Aug. 14 —
Tropical Storm Josephine developed over the Atlantic Ocean on Thursday and is forecast to produce gusty winds and downpours in parts of the Leeward Islands this weekend before it runs into some more weather hurdles.
Initially a depression, the system was upgraded to the ninth tropical storm of the 2020 Atlantic hurricane season and in the process has set another record for the basin.
The National Hurricane Center said in its 5 a.m. update Friday Josephine was 680 miles southeast of the Northern Leeward Islands. It had maximum sustained winds of 40 mph and was moving northwest at 17 mph.
Presently, Josephine is not projected to make landfall anywhere, thanks to a southward dip in the jet stream that will keep the storm at sea.
Josephine has shattered the early-season formation record for the J-named storm in the basin by nine days. The former record belonged to Jose, which developed on Aug. 22, 2005.
Prior to Josephine, the 2020 hurricane season as already left its mark on the history books multiple times so far with storms Cristobal, Edouard, Fay, Gonzalo, Hanna and Isaias all setting early-season formation records. Except for Cristobal, the storms bumped off record-setters from the 2005 season. The prior earliest C-named storm was Colin from 2016.
Josephine was able to form despite being in a sea of dry air as wind shear dipped enough to allow thunderstorms to wrap around the center of the storm.
“The tropical cyclone has until later Friday or Friday night to strengthen before encountering increasing vertical wind shear from the southwest,” AccuWeather’s top hurricane expert, Dan Kottlowski, said.
“We expect Josephine to move on a curved path to the northwest then the north in the coming days.”
The storm will pass just east and north of the Leeward Islands Friday night and Saturday and pass well east of the Bahamas on Sunday, Kottlowski added.
The Leeward Islands include Antiqua, Guadeloupe, Barbuda, Montserrat, Dominica, St. Martin, Anguilla, St. Kitts and Nevis, and the British and United States Virgin Islands.
There is the risk of gusty squalls and downpours to develop on the southern flank of the storm, even if the center passes by to the northeast of the Leeward Islands.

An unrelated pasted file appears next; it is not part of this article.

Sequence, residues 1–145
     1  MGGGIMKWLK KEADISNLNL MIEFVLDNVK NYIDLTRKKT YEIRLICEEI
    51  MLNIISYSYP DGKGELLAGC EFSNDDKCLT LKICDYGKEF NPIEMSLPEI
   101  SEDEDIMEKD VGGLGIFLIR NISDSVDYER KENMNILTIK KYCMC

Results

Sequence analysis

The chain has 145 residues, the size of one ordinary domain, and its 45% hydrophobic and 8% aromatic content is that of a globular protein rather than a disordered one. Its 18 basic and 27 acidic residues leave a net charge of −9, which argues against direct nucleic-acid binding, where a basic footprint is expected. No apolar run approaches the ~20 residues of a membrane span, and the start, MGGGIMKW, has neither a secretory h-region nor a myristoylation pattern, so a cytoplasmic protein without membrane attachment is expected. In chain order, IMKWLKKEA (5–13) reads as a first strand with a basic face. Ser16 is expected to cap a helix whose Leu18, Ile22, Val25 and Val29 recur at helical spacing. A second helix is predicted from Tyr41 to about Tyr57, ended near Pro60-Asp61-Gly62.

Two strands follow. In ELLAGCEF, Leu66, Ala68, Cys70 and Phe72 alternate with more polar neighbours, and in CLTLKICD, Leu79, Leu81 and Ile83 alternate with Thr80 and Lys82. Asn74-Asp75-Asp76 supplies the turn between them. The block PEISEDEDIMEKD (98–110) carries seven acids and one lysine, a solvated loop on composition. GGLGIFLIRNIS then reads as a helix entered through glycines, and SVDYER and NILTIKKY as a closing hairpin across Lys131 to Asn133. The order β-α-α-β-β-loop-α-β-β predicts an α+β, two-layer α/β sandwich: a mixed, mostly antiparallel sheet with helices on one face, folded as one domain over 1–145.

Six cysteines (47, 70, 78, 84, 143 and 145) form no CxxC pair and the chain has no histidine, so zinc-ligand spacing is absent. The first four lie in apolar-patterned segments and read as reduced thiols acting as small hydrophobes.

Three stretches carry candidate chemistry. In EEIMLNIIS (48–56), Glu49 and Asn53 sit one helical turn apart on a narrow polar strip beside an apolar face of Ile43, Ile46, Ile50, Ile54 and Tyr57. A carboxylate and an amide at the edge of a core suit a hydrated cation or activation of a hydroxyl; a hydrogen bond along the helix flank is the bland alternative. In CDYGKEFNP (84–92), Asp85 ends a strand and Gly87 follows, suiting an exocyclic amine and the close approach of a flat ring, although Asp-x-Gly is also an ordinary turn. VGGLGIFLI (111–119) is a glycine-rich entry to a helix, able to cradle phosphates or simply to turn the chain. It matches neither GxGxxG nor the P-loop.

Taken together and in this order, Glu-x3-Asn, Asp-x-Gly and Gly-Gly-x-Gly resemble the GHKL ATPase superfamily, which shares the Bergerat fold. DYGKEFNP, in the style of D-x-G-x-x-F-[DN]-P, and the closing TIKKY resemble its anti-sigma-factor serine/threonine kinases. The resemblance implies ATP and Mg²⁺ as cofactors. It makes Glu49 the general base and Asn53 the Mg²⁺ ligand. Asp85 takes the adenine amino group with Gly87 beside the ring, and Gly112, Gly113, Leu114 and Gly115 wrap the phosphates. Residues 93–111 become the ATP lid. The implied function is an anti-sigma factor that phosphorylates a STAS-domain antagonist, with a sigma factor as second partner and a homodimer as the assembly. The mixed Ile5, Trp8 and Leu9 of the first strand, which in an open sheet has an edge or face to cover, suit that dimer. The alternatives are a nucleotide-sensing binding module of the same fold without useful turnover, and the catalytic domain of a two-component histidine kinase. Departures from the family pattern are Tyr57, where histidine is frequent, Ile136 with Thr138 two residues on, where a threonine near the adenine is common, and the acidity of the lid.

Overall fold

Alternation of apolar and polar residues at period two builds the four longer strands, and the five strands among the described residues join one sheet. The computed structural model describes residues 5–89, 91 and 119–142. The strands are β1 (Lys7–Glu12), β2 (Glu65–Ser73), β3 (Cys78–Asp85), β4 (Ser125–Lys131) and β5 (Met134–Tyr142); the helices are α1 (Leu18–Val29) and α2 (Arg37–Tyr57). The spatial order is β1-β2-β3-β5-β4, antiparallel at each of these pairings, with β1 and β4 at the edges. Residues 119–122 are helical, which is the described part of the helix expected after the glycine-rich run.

A weaker, poorly organized system, such as a depression is more likely to drift more to the west, but a stronger, better organized system, such as a strong tropical storm or hurricane, is more likely to turn more to the northwest over time.
Additional disturbances, known as tropical waves, will continue to move from the Indian Ocean, across Africa then over the Equatorial Atlantic Ocean in the coming days, weeks and months.
This train of disturbances makes up what is known as the Cabo Verde season, which is named for the group of islands just off the northwestern coast of Africa. The Cabo Verde season makes up the backbone of the Atlantic hurricane season during the period from late August to the first part of October.
Into next week, there will be a continued risk for one or more of these systems to organize and potentially evolve into a tropical depression or storm. But for the time being, the buffer of wind shear over the Caribbean and across part of the southwestern Atlantic may act as a shield and prevent systems from getting too close to United States waters and coastal areas.
However, that buffer zone may not last long.
The lid could come off the Atlantic basin with the potential for multiple named systems spinning at the same time, including multiple threats to lives and property at the same time from the Caribbean to North America, as early as late August.
Tropical storms are named for most letters of the alphabet, with the exception of Q, U, X, Y and Z. The infamous 2005 Atlantic hurricane season holds the record for the greatest number of named storms at 28 and still holds the record for early-season formation records for the “K-storm,” which was Katrina on Aug. 24, as well as the letters M through T, V and W. After W, Greek letters are used. Since 2005 was the only year to use Greek letters, that season holds the early-season formation records beyond W.
The climatological peak for the Atlantic hurricane season is around Sept. 10.